Investigators have been able to collect data over long periods of time, enabling them to observe the effects of natural inter-annual variability on the dynamics of various system components. The investigators have observed processes that alter their perception of how ongoing Hg contamination enters the Clear Lake ecosystem. Significant rainfall and associated flooding, run-off from the mine site and overflow of a pit lake (Herman Pit) has led to acid mine drainage from the waste rock piles. Water flowing over and through these waste rock piles becomes highly acidic (pH 2-3), strips Hg from the waste rock piles and when it enters the pH 8 waters of Clear Lake, produces a light, unconsolidated aluminum silicate precipitate that is high in Hg, high in sulfate and high in surface area. Cyanobacterial blooms during the summer add a significant organic enrichment, producing the perfect conditions for Hg methylation by microflora. The resulting partially consolidated floc (high in methyl Hg) is then capable of being reintrained into the water column, transported by currents to distant parts of Clear Lake and taken up by plankton, benthic invertebrates and bioaccumulated into higher trophic levels, exactly the scenario we have observed in Clear Lake. They will also investigate the historical record of Hg input to Clear Lake (both before and after mining) through a close association with the sediment coring project. Their efforts on Hg methylation during this next phase of the Center program will be primarily to enhance our understanding of the interactions between the biogeochemistry of Hg and other metals at the mine site, their interaction with cyanobacterial blooms and the ultimate impact on Clear Lake's aquatic ecosystem, linking this closely with historical evidence derived from the coring project.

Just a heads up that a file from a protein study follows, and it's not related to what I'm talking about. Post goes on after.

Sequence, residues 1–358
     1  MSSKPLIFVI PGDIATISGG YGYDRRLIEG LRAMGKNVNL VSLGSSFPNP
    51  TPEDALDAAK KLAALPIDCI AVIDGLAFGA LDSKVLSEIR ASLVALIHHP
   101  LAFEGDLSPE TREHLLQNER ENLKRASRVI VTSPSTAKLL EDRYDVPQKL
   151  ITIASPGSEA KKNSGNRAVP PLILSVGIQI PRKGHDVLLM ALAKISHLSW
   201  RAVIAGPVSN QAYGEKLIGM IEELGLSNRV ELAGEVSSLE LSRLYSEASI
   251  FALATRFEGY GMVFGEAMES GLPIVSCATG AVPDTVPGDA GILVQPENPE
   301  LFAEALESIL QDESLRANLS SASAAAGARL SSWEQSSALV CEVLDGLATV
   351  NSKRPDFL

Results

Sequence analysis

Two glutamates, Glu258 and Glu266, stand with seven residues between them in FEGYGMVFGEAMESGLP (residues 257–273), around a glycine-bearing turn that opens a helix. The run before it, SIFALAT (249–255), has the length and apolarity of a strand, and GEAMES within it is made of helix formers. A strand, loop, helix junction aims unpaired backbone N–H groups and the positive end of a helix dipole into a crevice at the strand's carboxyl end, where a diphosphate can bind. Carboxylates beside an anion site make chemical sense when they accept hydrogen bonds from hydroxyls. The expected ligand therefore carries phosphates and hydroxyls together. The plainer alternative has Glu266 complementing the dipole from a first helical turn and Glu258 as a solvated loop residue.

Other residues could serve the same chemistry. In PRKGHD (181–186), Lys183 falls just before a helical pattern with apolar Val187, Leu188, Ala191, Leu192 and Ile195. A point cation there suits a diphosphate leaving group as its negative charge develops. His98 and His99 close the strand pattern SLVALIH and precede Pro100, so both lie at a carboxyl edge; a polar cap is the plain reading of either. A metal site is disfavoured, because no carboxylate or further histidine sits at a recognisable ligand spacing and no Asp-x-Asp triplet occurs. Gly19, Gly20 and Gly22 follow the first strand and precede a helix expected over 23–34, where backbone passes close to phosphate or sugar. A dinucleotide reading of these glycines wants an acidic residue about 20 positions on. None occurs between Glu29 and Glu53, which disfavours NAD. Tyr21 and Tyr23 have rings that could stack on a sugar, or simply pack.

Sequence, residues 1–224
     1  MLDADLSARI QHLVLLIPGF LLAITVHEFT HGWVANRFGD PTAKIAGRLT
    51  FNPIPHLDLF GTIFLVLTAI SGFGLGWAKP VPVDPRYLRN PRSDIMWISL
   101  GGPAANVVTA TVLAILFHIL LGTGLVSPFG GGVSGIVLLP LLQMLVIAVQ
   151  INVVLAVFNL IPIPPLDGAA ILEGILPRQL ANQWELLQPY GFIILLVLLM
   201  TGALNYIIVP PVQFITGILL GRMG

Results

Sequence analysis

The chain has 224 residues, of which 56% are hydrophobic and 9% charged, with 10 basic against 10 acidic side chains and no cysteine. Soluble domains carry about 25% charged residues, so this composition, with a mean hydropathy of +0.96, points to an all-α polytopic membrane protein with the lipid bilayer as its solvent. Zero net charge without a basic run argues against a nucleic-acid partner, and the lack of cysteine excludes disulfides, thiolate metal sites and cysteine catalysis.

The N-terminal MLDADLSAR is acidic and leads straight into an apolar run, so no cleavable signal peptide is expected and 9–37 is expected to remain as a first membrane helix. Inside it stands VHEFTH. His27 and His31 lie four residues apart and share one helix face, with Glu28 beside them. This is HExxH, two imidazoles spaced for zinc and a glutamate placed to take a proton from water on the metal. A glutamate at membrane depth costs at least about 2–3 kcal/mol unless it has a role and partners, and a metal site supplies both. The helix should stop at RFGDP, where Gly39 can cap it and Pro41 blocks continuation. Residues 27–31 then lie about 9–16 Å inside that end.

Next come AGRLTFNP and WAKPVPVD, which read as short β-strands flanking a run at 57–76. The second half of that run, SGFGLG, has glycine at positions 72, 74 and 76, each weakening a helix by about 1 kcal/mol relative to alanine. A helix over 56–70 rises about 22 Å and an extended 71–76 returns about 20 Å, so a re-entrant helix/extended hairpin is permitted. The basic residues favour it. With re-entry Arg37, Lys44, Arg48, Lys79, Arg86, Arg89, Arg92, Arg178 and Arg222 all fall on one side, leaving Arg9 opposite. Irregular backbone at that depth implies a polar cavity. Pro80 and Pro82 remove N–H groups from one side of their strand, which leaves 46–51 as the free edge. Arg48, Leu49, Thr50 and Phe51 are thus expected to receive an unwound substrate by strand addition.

With respect to nutrient loading one of the most interesting phenomena uncovered in that investigation was an extraordinary increase in the mass of surplus phosphorus cycling in Clear Lake during the drought years of the late 1980s and early 1990s. This increase was apparently associated with a substantial reduction in available Fe, and a considerable reduction in algal biomass. This mass of surplus P and clear water conditions have persisted through the two wetter years that have occurred in the mid 1990s.

Expected Results:

Investigators work has demonstrated that Fe remains the limiting element for nitrogen fixation in Clear Lake. Fe and N co-limit algal growth. Some evidence suggests that Fe is the geochemically limiting element in a number of alkaline western lakes. Anthropogenic effects can thus cause eutrophication by directly increasing the N load of a lake (as occurs in Lake Tahoe), or indirectly by increasing Fe loading or recycling (as apparently happens at Clear Lake). Ultimately, most Fe/N limited lakes are liable to became P limited as anthropogenic N loads continue (as at Lake Tahoe, and perhaps marginally in past years at Clear Lake), with attendant changes in the productivity and species composition of the plankton. Relieving Fe limitation before P becomes limiting encourage cyanobacterial blooms, as observed at Clear Lake.